When I realized that this column would be in the magazine’s lighting focus issue, I looked at the data for the photos I’d taken earlier this year during a nearly month-long combination of safari workshop, assignment, and stock shoot in Africa. What I found surprised me: I’d used flash on about one-third of the 13,000 photos I’d made on that trip. I had no idea I’d used my Speedlights as often as I had.

Blaine Harrington  |  May 05, 2015  |  1 comments

Here are some of the questions I asked myself on the way to taking some of the photos you see accompanying this column:
• How am I going to find a father and son trekking through snow?
• How long is this fog going to last?
• Police tape? What’s police tape doing here?
• Is this rain ever going to stop?

Blaine Harrington  |  Dec 11, 2015  |  0 comments

It wasn’t long ago that I began to notice I had competition—and I’m not talking about other travel photographers.

Blaine Harrington  |  Mar 06, 2015  |  0 comments

A recent shoot offered a spectacular setting, cooperative subjects, wonderful lighting, great colors, a number of advantageous positions from which to shoot—and a challenge for a travel photographer used to roaming cities and countryside in search of images.

Deborah Sandidge  |  Feb 14, 2018  |  0 comments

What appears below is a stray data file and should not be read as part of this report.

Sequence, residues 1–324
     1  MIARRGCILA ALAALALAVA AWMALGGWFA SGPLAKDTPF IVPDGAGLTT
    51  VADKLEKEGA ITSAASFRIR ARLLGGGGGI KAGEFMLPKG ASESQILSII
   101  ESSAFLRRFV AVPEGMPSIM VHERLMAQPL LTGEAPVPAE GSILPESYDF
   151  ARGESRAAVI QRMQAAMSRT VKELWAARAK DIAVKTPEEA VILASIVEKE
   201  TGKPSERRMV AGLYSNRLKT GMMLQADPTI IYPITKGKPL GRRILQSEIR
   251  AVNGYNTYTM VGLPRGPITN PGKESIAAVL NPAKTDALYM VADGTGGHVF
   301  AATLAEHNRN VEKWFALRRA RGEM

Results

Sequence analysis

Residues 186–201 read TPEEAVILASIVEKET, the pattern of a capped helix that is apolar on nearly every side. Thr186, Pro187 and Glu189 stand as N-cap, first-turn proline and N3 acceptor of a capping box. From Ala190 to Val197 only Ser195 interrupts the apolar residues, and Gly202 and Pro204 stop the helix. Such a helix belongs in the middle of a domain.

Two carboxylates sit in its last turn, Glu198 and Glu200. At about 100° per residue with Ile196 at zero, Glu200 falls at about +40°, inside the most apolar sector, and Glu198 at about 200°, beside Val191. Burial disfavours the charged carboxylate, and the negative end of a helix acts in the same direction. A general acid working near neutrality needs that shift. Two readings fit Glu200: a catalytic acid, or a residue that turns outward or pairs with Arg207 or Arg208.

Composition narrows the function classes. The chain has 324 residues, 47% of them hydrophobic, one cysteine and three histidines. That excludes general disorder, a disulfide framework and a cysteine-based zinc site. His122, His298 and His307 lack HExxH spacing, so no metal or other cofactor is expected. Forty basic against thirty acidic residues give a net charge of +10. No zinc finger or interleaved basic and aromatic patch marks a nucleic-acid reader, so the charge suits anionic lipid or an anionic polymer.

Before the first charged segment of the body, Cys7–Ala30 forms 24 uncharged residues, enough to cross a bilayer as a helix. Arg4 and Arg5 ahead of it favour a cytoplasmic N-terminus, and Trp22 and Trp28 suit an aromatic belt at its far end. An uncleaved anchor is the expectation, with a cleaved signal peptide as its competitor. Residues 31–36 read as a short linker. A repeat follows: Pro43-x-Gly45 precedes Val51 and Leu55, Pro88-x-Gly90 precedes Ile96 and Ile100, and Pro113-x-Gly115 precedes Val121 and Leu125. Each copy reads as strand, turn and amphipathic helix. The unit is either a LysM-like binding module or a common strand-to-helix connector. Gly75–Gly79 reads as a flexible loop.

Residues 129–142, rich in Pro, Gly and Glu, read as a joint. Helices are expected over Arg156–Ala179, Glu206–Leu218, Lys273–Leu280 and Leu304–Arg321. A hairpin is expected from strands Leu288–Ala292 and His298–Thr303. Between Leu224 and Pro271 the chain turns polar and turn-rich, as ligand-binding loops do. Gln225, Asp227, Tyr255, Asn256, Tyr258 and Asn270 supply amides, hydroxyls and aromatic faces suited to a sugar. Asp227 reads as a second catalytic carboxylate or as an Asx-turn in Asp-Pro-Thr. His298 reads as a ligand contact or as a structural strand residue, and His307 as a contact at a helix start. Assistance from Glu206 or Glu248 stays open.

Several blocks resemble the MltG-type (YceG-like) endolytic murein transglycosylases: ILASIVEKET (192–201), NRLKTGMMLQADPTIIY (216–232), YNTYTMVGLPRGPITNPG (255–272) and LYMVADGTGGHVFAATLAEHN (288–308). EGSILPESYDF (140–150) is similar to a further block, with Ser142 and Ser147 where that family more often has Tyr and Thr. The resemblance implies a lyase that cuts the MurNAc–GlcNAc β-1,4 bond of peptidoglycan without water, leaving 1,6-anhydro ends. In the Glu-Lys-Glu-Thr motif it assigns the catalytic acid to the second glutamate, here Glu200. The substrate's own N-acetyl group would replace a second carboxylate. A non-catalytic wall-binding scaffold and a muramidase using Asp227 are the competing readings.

Regular readers know that I emphasize in these columns the idea of visualizing opportunities that will set your images apart from the rest. There is another aspect to that idea, and that’s setting your images apart from each other. In other words, adding variety to your photography by adding, and even combining, techniques.

Blaine Harrington  |  Sep 11, 2015  |  0 comments

Early last year I started planning a month-long trip to Botswana and South Africa, part of which would be spent leading a photo safari. From the start I knew that my photography would include much more than wildlife. It’s my business, and my pleasure, to explore and experience beyond the obvious subjects suggested by a location. As a practical matter, I have to photograph much more of what a destination offers and deserves; as a personal matter, it’s often what’s best about my job.